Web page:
Who is the protagonist in "The Signal-Man" by Charles Dickens?

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The protagonist in Charles Dickens's short story "The Signal-man" is the signal-man because he is the character who comes into conflict with opposing forces and is affected in some way.

Since the train has disturbed nature with the carving of the tunnel as well as by the intrusion of the looming black machine, supernatural forces are released; moreover, these forces are too strong for the signal-man to control. For, they seek what may be retribution. This signal-man is at odds with the spirits of the area; consequently, he sees ghosts warning him of disaster. The narrator describes him in this way:

His pain of mind was most pitiable to see. It was the mental torture of a conscientious man, oppressed beyond endurance by an unintelligible responsibility involving life.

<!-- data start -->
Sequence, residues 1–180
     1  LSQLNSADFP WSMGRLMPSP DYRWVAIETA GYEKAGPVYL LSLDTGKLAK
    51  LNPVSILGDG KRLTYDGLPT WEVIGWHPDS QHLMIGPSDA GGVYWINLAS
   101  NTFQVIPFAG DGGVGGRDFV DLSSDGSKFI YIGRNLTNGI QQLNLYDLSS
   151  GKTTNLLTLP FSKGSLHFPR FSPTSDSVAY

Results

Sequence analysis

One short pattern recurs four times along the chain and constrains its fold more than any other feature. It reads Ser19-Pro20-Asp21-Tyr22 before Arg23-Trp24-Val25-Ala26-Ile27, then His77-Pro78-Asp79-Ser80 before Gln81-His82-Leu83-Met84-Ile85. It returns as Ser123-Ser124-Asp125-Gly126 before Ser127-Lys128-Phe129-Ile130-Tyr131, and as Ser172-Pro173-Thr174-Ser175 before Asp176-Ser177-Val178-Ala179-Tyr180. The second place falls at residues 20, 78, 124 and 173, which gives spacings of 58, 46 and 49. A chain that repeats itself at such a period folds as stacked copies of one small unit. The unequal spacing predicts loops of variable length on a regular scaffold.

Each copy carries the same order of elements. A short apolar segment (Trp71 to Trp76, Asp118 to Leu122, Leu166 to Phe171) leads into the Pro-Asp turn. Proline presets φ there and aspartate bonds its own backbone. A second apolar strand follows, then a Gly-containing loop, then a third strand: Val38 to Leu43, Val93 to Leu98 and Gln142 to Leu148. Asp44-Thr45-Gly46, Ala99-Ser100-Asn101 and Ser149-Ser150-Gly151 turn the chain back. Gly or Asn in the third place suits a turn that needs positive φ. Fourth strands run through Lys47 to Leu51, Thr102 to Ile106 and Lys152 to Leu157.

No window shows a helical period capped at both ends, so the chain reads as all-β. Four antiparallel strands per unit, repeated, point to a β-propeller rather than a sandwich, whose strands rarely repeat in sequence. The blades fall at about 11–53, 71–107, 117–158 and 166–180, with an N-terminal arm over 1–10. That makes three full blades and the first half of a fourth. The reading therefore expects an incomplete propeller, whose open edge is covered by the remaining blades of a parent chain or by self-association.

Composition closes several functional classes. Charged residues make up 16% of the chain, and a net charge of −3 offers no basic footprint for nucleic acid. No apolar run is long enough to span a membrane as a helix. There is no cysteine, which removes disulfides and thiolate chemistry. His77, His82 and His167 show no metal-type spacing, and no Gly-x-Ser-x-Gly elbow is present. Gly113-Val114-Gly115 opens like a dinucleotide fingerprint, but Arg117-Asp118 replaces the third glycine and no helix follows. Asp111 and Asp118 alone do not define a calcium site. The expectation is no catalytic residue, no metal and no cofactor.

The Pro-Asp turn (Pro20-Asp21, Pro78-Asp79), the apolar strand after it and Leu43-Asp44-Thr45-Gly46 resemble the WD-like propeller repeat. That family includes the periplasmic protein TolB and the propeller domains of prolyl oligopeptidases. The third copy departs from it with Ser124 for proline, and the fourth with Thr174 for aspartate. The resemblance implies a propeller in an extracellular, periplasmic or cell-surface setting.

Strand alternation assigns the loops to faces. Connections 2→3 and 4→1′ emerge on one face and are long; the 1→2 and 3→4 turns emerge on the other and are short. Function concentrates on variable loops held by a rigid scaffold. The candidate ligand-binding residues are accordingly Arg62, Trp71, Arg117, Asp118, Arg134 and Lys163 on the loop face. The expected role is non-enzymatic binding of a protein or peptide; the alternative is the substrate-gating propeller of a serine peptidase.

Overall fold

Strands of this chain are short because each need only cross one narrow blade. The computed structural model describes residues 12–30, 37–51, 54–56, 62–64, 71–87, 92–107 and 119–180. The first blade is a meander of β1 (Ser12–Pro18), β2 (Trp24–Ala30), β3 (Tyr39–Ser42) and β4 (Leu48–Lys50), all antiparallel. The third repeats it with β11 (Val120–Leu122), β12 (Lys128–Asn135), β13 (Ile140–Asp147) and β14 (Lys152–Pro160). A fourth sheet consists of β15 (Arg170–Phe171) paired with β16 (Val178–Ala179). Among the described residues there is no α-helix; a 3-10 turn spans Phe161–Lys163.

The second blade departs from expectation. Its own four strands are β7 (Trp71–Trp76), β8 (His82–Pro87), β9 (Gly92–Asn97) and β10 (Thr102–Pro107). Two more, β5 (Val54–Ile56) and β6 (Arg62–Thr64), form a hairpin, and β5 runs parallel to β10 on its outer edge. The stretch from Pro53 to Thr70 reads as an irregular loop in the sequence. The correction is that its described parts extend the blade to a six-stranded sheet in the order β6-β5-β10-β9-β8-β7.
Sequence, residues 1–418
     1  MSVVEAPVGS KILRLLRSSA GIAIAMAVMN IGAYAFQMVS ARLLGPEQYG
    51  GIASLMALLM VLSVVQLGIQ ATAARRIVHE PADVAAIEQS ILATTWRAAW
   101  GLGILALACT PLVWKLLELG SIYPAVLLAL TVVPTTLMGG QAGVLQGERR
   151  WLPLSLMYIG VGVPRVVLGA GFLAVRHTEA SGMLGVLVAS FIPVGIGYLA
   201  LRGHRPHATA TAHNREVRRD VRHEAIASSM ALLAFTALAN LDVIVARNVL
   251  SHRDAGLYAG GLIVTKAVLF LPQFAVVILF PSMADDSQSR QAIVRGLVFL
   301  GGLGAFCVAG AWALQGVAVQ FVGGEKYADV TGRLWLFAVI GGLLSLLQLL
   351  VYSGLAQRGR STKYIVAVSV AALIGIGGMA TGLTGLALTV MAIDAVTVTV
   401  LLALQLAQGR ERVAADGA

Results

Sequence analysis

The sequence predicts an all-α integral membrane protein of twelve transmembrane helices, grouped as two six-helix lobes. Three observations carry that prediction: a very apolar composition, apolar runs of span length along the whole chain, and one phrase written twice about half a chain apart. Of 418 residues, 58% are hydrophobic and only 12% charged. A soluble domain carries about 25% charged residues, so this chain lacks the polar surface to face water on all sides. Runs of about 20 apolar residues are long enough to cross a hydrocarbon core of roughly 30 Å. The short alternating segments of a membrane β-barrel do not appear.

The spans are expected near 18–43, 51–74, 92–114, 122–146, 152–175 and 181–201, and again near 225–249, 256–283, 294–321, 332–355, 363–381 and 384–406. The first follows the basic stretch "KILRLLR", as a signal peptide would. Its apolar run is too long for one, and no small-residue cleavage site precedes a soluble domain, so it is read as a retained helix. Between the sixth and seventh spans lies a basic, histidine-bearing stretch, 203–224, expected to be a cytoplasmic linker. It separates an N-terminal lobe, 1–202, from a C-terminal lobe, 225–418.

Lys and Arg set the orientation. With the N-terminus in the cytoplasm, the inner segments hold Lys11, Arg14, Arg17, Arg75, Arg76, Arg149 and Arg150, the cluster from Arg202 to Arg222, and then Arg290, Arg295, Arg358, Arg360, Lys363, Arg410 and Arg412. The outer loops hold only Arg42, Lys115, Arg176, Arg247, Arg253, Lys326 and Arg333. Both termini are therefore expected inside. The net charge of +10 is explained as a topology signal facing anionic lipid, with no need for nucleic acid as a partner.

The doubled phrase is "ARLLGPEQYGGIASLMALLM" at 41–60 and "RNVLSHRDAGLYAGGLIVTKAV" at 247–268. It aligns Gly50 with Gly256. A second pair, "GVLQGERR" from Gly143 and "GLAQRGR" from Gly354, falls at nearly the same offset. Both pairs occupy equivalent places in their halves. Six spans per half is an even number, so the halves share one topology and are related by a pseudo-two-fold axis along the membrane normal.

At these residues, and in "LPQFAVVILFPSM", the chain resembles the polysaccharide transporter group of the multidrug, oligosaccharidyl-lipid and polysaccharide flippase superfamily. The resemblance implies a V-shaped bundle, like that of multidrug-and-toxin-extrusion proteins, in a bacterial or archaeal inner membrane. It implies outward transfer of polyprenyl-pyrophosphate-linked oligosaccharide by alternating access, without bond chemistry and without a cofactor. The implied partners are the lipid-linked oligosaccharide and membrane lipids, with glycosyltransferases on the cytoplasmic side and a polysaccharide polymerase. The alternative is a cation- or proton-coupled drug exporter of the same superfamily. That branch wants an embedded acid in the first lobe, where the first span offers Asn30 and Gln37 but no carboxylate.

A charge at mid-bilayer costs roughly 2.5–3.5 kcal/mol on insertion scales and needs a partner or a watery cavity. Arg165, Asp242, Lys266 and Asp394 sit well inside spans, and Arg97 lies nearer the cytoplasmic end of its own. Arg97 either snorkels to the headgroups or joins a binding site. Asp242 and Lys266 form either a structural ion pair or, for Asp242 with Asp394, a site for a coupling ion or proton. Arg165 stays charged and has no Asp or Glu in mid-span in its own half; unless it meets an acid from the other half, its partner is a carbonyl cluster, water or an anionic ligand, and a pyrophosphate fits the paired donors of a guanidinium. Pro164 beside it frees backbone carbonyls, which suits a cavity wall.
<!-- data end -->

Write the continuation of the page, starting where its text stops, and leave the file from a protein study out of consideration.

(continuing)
The signal-man tells the narrator about the apparitions that have appeared to him, but to no avail. For, on the day that the narrator has arranged to visit again, he sees instead a group of officials who are conducting an investigation of the death of the signal-man. Evidently, he had been standing on the line, peering down the tunnel when a train bore down upon him. The conductor reports that he shouted, “Below there! Look out! For God’s sake, clear the way!”

Furthermore, the engineer of the train has waved his arm in warning even as he has covered his face to keep from witnessing the train strike the signal-man. The narrator notes the remarkable similarity between the driver's actions and the actions of the phantom as the signalman has earlier related. 

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